Title George Brown, per M. [i.e. Maria] Soames, taken at Port Arthur, 1874 [picture]
Date 1874.
Extent 1 photograph on carte-de-visite mount : albumen ; 9.4 x 5.6 cm. on mount 10.5 x 6.3 cm.
Context Part of Convict portraits, Port Arthur, 1874 [picture]
Series Convict portraits, Port Arthur, 1874.
Notes No photographer name or studio stamp appears on these photographs. Formerly attributed to Thomas J. Nevin, the portraits are now considered more likely to have been taken by A.H. Boyd. See: Julia Clark. A question of attribution: Port Arthur's convict portraits in Journal of Australian Colonial History, Vol 12, 2010, p77-97.
Part of collection: Convict portraits, Port Arthur, 1874.
Gunson Collection file 203/7/54.
Title from inscription on reverse.
Inscription: title and "150"--In ink on reverse.
Condition: Slight foxing.
Also available in an electronic version via the Internet at: http://nla.gov.au/nla.pic-vn4269860
Subject Brown, George -- Portraits.
Convicts -- Tasmania -- Port Arthur -- Portraits.
Occupation
Convicts.
Other authors
Boyd, A. H. (Aldolarius Humphrey), 1829-1891.
Identifier nla.pic-vn4269860
Bib idvn4269860
Call number(s)
PIC P1029/3 LOC Album 935 *

George Brown was never sent to Port Arthur. The Tasmanian police gazette tells a very different story:



Warrant for the arrest of George Brown per Maria Soames, 5th February 1869.



Warrant for the arrest of Thomas Wilson identical with George Brown per Maria Soames, 18th June 1869.



George Brown as Thomas Wilson was photographed on discharge from the Hobart Gaol by Thomas J. Nevin, 11 February, 1874. Source:  Tasmania Reports of Crime Information for Police 1871-1885. J. Barnard, Gov't Printer.

This is the modified photo which Julia Clark has photoshopped and published with the fake number "38" on the front, attribution to her fantasy photographer Commandant A. H. Boyd, and NLA identifier URL  nla.pic-vn4269860.  George Brown was not sent to Port Arthur, nor was he exposed to the reviled bully A. H. Boyd in any context.



Detail of our photograph below (6 Feb 2015)
Tasmanian Historical Research Association, page 85 December 2014
Julia Clark's photoshopped photograph from the NLA Collection of convict George Brown with fake "38" transposed on recto; false attribution to A. H. Boyd, and Port Arthur as the wrong place of incarceration. The NLA  Identifier she uses is nla.pic-vn4269860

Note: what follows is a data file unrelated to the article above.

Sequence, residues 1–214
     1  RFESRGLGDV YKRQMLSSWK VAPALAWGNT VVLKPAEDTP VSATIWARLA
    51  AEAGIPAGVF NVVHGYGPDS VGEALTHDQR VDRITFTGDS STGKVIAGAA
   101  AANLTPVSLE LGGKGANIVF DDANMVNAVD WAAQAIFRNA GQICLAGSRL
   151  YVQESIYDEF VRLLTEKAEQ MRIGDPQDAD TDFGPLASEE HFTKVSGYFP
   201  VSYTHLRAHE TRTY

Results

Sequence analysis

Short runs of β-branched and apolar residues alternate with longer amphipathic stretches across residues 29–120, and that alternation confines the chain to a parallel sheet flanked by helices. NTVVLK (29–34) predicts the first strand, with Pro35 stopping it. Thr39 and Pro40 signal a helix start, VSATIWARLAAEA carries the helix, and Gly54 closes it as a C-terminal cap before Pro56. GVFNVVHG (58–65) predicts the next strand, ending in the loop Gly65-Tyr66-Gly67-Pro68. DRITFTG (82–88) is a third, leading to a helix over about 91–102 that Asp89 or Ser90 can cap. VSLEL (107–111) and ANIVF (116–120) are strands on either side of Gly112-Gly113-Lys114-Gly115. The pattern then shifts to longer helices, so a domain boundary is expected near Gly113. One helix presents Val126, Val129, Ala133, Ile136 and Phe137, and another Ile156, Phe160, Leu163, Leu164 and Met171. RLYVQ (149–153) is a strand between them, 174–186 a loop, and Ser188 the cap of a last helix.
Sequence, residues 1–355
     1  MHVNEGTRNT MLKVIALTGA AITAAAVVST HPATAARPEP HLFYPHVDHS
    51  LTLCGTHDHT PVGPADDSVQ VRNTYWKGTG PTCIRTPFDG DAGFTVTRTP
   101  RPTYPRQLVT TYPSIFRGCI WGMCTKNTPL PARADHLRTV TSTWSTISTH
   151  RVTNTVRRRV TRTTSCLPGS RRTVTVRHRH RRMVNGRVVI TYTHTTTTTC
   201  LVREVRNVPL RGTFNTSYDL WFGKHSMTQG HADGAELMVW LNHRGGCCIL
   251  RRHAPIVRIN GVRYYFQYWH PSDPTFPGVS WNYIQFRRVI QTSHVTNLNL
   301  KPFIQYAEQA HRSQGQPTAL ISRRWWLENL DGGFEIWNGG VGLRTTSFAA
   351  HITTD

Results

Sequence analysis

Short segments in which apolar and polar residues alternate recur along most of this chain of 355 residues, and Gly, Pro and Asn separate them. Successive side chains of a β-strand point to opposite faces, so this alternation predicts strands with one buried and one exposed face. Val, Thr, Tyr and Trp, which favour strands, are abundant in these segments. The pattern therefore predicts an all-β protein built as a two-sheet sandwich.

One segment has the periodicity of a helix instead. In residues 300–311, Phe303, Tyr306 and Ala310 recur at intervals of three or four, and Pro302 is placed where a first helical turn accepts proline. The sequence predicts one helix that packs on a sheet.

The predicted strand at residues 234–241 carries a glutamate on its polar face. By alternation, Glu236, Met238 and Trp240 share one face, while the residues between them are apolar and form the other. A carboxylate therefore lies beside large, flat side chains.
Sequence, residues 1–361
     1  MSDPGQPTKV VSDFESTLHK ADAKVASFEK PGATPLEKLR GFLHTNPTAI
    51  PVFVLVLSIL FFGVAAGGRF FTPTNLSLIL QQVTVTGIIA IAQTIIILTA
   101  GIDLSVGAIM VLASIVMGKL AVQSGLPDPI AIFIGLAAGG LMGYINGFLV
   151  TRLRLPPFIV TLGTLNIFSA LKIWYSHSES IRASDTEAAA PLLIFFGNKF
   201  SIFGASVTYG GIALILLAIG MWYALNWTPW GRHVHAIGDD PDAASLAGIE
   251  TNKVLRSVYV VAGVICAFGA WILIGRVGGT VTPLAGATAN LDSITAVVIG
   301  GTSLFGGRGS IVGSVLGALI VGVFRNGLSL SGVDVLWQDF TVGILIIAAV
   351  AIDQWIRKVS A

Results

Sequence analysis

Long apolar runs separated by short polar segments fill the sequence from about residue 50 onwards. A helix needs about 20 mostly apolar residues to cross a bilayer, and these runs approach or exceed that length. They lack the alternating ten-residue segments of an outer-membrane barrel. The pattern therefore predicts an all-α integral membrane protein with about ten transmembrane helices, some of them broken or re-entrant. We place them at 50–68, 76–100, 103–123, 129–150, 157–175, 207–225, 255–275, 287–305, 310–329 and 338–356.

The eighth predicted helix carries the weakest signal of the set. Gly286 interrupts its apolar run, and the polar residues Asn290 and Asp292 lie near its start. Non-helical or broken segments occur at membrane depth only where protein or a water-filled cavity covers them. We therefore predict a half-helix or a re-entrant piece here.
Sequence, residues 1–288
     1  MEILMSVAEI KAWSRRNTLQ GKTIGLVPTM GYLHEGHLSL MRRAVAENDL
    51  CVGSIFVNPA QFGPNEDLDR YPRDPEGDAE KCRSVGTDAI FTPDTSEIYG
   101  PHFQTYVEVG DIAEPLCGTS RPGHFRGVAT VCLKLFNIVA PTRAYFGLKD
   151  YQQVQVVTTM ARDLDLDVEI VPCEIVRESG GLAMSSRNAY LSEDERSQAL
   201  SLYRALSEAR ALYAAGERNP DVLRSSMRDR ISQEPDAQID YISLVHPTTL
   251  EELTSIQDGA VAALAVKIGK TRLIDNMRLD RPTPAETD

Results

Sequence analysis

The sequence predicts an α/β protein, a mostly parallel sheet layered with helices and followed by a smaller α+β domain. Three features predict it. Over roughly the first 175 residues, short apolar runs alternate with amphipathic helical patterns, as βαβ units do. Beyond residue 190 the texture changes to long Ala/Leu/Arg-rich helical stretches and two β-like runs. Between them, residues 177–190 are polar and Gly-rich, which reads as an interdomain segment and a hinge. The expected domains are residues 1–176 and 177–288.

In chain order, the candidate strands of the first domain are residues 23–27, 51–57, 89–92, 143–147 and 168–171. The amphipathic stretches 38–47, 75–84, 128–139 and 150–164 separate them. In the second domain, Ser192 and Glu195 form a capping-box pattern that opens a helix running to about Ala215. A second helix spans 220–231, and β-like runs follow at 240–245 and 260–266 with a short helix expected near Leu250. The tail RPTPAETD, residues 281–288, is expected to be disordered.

Photo taken at the National Library of Australia, 6 Feb 2015
Photo copyright KLW NFC 2015 ARR



Tasmanian Historical Research Associaton, page 85 December 2014
Julia Clark's photoshopped photograph from the NLA Collection of convict George Brown with fake "38" transposed on recto; false attribution to A. H. Boyd, and Port Arthur as the wrong place of incarceration.
The NLA  Identifier she uses is nla.pic-vn4269860
Taken at the National Library of Australia, 6 Feb 2015
Photo copyright KLW NFC 2015 ARR

There is only ONE photograph of George Brown at the NLA - we checked the entire collection in situ on Friday, 6th February, 2015. So why has Julia Clark photoshopped the NLA photograph? Does excessive anxiety about the false A. H. Boyd attribution warrant such obsessive mutilation? She has put the number "38" on the front of the photograph of George Brown where there is no number on the NLA item. On the verso of the NLA photograph of George Brown is the number "150". And the only photograph of a convict  at the NLA which bears the number "38" is that of Duncan McDonald on its verso. The QVMAG holds a cdv photograph of convict Thomas Jackson per Layton 4 which bears the number "38" on the recto, written on the front by 20th century archivists during copying and dispersal of hundreds of these cdvs to other public collections (complete list received here in 2009). The number "38" on Clark's photoshopped image is bright black. It was constructed from the numbers on the recto of other photographs of prisoners - the "38" from the "138" of George Robinson's  and the "3" from Bewley Tuck's held at the QVMAG (we can back track this process easily to each number and photo) - thereby committing a modification of an image belonging to the National Library, by fraudulent means, for fraudulent purposes.

Some of the extant prisoner or convict "portraits" (the term aestheticises what is a vernacular item) were stamped verso with Nevin's Royal Arms insignia stamp to register his copyright with the Customs and Patent Office and to access his commission from both the Hobart Municipal Council (Lands and Survey Dept) and Municipal Police Office (Municipal Fund.) Copyright endured absolute for 14 years on submission of two samples under the Merchandise Marks Act 1864. One photograph per batch of 100 was stamped for this reason while Nevin was still working from his studio in Elizabeth St. Hobart and visiting the Hobart Gaol and Supreme Court at Oyer sessions. After his appointment to full-time civil service in 1876, the stamp was unnecessary. The NLA convict photographs are loose duplicates from the original half-dozen or so printed by Nevin from his negative of a single capture. They have been lovingly transcribed verso by an archivist in the 1900s - probably for exhibition - with a generic date, 1874, and the convict's ship of arrival, all for the information of tourists and museum visitors. They were accessioned at the NLA as a collection from the QVMAG, Launceston, found amongst records from the Sheriff's Office, Hobart Gaol, recorded with verso transcriptions by the Benevolent Society in the early 1900s for display in government photographer John Watt Beattie's convictaria museum and donated to the NLA by Dr Neil Gunson in the 1960s as government estrays (Dan Sprod papers NLA MS 2320 1.5.64 Missionary history). Hundreds of Nevin's six or so duplicates from his single negative taken of a prisoner on arrest, arraignment and discharge exist in national and State collections (QVMAG, SLNSW, TAHO, TMAG, NLA, PCHS, private collections), some still pasted to the criminal's record sheet.  But this is the one and only extant photograph of George Brown at the NLA, catalogued in the album and online as nla.pic-vn4269860 which we inspected and photographed on February 6th, 2015: